and support from faculty and staff because of their previous structure (Vacchi, 2012, pg. 18).
After having reviewed some of the literature around the student veteran population, I
interviewed two of my friends at my undergraduate institution. I asked five questions to gain a
sense of their experiences as student veterans in higher education: (1) Tell me about your

experience as a student veteran. (2) Do you utilize the resources that are available on campus?
(3) Do you find it easy to work with your professors when you must leave for military required
activities (e.g. drill)? (4) What is something that you wished faculty and staff were aware of
when working with student veterans? (5) What are some of the challenges that you face as a
student veteran?
To protect the identities of the two individuals I will use the pseudonyms Calvin and
Blake. Both individuals identify as being members of the Army National Guard and ROTC.
However, Calvin acknowledges his status as a student veteran, but Blake does not. As described
in Vacchi (2012) there are two types of student veterans: combat veterans (active duty or retired
duty) and non-combat veterans (National Guard or Reserves). This is true for Blake, because
while he is in the National Guard, he does not feel that he rightly can be considered a veteran
because he has not seen combat. I also found it interesting that between Calvin and Blake, Calvin
was more likely to engage and utilize the resources that are offered through the Military and
Veteran Student Services office at the institution. One of the few areas that Calvin and Blake
agreed on is the ease they find when working with professors to get excused for military
requirements such as drill. They simply provide their government orders to the professor and if
the professor wants to verify they simply call the number which connects to their commanding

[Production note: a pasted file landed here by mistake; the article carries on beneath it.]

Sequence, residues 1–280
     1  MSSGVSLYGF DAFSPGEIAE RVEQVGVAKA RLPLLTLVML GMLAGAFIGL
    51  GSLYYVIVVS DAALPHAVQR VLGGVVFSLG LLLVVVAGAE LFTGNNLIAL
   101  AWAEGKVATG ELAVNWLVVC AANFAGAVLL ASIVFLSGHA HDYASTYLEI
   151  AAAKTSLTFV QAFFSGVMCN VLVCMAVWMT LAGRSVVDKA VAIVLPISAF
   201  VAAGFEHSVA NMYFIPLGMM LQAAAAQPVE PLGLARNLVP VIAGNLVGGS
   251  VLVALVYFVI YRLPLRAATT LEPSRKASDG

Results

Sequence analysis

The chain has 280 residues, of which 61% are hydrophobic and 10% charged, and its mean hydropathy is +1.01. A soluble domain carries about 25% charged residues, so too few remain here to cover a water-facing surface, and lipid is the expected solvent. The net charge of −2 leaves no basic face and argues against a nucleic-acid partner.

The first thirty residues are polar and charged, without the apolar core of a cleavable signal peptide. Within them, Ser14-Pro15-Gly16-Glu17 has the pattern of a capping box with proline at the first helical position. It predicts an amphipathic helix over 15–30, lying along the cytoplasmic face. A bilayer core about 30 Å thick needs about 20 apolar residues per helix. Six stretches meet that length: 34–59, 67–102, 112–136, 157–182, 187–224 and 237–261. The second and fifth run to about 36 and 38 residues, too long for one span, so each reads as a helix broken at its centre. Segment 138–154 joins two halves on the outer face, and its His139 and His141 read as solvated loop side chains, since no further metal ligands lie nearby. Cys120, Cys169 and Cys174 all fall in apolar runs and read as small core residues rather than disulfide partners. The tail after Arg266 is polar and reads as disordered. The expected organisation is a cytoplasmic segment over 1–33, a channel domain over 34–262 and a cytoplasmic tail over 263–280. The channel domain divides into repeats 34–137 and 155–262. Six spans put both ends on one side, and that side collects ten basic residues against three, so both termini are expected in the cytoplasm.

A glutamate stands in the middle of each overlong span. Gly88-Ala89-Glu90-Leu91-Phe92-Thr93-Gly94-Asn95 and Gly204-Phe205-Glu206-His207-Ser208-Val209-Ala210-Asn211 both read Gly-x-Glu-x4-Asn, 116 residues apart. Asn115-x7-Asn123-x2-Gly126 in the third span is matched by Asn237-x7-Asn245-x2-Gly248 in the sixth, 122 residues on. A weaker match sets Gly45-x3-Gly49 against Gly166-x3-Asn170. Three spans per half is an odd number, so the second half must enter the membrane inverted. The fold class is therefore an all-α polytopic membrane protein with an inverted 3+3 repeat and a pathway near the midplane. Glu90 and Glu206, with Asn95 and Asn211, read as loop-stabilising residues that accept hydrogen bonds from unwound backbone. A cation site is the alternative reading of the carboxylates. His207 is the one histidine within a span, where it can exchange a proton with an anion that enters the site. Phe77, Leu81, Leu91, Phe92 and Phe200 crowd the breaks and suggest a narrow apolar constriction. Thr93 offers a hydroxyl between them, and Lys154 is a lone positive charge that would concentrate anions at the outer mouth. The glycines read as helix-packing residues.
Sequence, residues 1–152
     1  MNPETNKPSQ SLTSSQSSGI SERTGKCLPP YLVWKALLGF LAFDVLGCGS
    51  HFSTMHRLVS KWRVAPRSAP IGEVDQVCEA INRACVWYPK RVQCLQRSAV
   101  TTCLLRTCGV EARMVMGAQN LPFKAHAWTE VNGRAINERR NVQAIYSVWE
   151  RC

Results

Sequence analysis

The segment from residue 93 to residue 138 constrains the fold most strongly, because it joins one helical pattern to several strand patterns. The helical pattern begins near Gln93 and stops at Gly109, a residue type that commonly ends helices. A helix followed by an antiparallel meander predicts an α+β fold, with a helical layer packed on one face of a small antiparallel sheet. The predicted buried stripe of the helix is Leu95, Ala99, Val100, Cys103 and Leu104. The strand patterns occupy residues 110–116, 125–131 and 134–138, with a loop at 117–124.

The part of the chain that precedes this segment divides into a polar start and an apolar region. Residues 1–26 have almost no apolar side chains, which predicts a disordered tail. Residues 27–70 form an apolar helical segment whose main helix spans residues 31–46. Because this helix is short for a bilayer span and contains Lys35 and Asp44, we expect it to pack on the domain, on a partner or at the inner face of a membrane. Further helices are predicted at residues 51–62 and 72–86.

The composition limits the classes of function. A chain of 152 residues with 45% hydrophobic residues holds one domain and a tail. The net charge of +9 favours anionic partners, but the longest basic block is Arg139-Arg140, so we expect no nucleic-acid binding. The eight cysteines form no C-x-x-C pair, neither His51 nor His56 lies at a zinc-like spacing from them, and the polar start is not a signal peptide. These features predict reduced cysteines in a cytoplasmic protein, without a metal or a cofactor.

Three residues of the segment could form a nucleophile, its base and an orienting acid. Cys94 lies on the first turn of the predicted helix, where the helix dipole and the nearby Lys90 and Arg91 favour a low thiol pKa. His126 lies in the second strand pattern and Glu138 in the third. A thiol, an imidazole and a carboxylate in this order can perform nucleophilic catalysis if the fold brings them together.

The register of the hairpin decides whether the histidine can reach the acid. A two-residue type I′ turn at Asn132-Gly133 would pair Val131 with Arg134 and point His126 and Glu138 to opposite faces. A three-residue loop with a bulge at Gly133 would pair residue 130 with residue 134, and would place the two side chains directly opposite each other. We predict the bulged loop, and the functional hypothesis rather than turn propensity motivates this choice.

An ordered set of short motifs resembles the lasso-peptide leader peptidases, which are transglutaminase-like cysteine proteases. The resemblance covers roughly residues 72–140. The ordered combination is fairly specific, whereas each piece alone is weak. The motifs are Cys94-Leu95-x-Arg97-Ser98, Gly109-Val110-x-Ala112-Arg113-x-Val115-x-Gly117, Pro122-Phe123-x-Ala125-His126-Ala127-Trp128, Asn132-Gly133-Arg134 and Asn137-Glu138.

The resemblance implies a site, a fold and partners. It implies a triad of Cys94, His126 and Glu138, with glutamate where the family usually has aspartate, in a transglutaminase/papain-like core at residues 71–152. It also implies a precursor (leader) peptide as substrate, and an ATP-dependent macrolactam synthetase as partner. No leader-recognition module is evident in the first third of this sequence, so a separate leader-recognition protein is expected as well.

Overall, this experience was insightful. I was able to get connected with two friends from
my undergrad and gain a better understanding for the things that they experience as being student
veterans. I will say that I wish I would have had the opportunity to connect with someone that is
considered a combat-student veteran so that I could do a contrast and comparison between their
experience and those of my friends that are in the National Guard. Furthermore, recognizing that
it is important that the students self-identify and letting them have that power, because for Calvin
he was comfortable being referred to as a student veteran, but for Blake, he preferred to be
labeled as a student that is in the National Guard.

Griffin, K. A., & Gilbert, C. K. (2015). Better Transitions for Troops: An Application of
Schlossberg's Transition Framework to Analyses of Barriers and Institutional Support
Structures for Student Veterans. The Journal of Higher Education, 71-97.
Olsen, T., Badger, K., & McCuddy, M. D. (2014). Understanding the Student Veterans' College
Experience: An Exploratory Study. The Army Medical Department Journal, 101-108.
Osborne, N. J. (2014). Veteran Ally: Practical Strategies for Closing the Military-Civilian Gap
on Campus. Innovative Higher Education , 247-260.
Vacchi, D. T. (2012, May-June). Considering Student Veterans on the Twenty-First-Century
College Campus. American College Personnel Assocation and WIley Periodicals, Inc.,
pp. 15-21.